However the lockdown ended that. Even telephone conversations grew to become more durable as she acquired more and more breathless. Her voice grew to become small and turned inward. She most likely saved all of the day’s power for the night video-call with my daughters. She nonetheless tied her hair, placed on a recent layer of lipstick and utilized kohl in her eyes. However the calls started to get shorter and her phrases started to get vague. From the opposite room, I might hear my daughters asking her to repeat what she had stated. Usually, she did not have the power to talk once more.
Someday, in the direction of the top of July, she requested to see everybody’s faces. She stated “tomraa bhaalo theko” or “keep nicely” in Bengali to every considered one of us. That was the final time she confirmed her face. She informed my sister ‘ I’ll name the youngsters when I’m feeling higher.’ That day by no means got here.
Within the isolation of the lockdown, my mom slowly grew to become disoriented. She might not stand up from her mattress and started to really feel an inexplicable ache that shifted between totally different elements of her physique. My sister lastly determined to interrupt social-distancing norms and acquired a doctor to come back and see my mom. He discovered nothing improper along with her, or a minimum of nothing that was not already identified.
When she was lucid, my mom had stated she shouldn’t be taken to a hospital ever once more. During the last six years, she had suffered 4 lengthy stints of hospitalization and he or she did not need any extra. My sister labored out a compromise by hiring a hospital mattress, and getting an oxygenator that continually pumped oxygen into her failing lungs. Regardless of my mom’s protestations and the concern of exposing her to Covid in a hospital atmosphere, my sisters and I started discussing the choice of shifting her if issues turned for the more severe.
Then, one morning, my sister stated my mom was most likely getting higher. She had eaten a full banana for breakfast – essentially the most that she had eaten in a very long time. As I listened on the telephone, my sister requested her whether or not she can be open to consuming one thing for lunch as nicely. I assumed I heard my mom’s weak voice say sure. “If she has an urge for food,” I stated to my sister, “then she might be getting higher.”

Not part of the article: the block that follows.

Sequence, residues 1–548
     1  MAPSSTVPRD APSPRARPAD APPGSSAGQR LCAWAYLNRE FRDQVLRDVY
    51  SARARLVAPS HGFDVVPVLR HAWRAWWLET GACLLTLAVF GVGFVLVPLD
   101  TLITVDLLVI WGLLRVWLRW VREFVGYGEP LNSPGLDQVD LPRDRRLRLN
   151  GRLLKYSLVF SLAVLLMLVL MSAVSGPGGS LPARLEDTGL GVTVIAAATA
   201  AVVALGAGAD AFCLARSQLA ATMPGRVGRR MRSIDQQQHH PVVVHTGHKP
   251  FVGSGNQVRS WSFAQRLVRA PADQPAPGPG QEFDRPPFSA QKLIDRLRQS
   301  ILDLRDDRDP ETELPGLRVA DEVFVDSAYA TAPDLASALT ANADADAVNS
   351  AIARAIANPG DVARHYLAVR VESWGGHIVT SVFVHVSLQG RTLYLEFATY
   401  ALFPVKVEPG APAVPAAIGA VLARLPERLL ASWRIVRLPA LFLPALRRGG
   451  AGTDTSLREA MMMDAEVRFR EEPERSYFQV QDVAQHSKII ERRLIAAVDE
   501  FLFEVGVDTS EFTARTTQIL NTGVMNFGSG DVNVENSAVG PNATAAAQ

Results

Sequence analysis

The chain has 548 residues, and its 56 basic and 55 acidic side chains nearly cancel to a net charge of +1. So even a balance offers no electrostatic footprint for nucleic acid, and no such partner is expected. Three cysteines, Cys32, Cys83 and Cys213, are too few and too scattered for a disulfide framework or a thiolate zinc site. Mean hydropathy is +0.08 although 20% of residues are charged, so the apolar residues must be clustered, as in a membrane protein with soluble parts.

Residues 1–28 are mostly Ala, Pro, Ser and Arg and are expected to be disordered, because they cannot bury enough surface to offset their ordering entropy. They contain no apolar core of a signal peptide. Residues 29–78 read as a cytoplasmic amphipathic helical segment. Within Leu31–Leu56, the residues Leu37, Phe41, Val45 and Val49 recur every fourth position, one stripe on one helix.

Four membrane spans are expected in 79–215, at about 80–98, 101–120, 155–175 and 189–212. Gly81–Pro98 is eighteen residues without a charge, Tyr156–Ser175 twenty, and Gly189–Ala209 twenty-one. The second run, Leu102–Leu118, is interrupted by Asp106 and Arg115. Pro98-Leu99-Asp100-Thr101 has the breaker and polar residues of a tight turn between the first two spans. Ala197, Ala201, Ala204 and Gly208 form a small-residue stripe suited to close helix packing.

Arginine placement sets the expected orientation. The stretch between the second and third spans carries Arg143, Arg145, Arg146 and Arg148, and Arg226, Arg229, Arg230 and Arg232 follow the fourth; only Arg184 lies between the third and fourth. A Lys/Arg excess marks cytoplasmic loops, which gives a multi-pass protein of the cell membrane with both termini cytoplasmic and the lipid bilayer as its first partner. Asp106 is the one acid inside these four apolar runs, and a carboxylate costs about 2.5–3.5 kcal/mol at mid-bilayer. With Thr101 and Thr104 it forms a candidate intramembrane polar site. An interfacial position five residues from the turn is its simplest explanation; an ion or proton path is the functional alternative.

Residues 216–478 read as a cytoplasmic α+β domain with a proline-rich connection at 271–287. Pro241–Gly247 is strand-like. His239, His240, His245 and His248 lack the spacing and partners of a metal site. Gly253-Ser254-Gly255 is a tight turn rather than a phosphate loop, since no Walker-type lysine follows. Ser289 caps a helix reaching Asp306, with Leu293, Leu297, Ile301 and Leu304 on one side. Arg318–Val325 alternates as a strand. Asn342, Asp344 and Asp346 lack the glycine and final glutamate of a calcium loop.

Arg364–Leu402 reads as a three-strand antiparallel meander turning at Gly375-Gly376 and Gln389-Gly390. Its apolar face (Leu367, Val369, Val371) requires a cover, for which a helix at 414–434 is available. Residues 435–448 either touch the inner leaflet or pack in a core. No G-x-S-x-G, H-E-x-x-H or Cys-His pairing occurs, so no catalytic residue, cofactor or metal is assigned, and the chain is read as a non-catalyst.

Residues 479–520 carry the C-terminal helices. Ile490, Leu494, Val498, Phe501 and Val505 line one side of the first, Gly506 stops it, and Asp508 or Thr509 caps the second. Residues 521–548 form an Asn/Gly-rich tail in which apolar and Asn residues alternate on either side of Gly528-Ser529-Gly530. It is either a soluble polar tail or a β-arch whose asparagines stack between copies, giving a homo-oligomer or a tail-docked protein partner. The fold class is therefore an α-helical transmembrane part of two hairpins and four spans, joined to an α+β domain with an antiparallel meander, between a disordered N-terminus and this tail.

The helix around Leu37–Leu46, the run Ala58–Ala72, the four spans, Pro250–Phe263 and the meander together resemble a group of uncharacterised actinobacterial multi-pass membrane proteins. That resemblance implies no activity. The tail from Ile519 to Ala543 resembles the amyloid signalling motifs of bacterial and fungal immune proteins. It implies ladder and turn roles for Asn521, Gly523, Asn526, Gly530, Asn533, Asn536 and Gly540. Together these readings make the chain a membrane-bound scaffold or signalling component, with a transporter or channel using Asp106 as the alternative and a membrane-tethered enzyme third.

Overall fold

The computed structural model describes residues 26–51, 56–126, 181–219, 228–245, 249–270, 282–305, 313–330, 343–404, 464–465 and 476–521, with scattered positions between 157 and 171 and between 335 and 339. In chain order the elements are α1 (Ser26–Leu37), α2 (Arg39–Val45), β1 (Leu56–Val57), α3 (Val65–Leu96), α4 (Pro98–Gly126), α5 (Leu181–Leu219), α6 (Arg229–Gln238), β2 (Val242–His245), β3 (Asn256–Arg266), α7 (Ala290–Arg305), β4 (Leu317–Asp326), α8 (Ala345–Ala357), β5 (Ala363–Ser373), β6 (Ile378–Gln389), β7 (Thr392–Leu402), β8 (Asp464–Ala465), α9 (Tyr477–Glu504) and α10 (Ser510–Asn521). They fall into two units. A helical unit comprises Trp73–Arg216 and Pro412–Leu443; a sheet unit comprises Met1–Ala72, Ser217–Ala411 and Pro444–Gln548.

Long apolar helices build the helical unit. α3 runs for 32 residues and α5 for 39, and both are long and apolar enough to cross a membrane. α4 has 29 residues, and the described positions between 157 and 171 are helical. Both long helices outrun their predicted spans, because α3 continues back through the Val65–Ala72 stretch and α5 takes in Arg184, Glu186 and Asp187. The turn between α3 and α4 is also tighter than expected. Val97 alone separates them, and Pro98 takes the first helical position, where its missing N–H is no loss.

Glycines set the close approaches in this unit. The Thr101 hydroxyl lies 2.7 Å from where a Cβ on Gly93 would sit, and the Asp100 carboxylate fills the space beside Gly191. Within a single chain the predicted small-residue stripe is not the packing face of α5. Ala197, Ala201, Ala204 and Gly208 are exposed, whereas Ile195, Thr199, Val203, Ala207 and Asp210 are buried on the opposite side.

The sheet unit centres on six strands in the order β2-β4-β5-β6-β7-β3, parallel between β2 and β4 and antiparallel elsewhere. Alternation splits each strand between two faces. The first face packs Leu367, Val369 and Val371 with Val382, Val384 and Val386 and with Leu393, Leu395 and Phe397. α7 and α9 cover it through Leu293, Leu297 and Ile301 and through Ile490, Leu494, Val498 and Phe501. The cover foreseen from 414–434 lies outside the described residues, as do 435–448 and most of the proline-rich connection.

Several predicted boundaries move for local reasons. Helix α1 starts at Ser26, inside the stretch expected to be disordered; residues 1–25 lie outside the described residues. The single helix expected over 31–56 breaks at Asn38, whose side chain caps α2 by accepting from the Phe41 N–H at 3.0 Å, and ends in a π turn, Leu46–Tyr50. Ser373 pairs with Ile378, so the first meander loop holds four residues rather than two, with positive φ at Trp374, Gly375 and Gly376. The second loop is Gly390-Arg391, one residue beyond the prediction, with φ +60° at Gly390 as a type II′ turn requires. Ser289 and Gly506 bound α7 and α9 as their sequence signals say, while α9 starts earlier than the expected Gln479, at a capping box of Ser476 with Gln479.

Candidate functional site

Inside minutes, my sister known as me once more. This time it was a video-call. My mom had collapsed out of the blue and wasn’t responding any extra. By the point I made it to her dwelling, the native physician had already arrived. “She is gone,” my sister stated. Identical to that, earlier than I might attain to be by her facet, or maintain her hand whereas it nonetheless had life.
I made the decision to the NGO which she had found. No, they wanted a Covid-negative certificates to take her physique. I made a number of extra telephone calls to see if a check might be carried out even now to get a certificates. It was unlawful, I used to be informed. COVID-19 did not kill her, but it surely killed her final want.
So my mom was burnt on a pyre, surrounded by a few offended clergymen who had been deeply aggravated and offended that we weren’t going to wish for her soul. For she did not have one. She was a being made from simply flesh and blood, who lived and beloved. And who all the time remembered to say “shubhoraatri” to my two youngsters. Good night time, Ma. We’re awake. Sleep your everlasting sleep.
(Aunindyo Chakravarty was Senior Managing Editor of NDTV’s Hindi and Enterprise information channels.)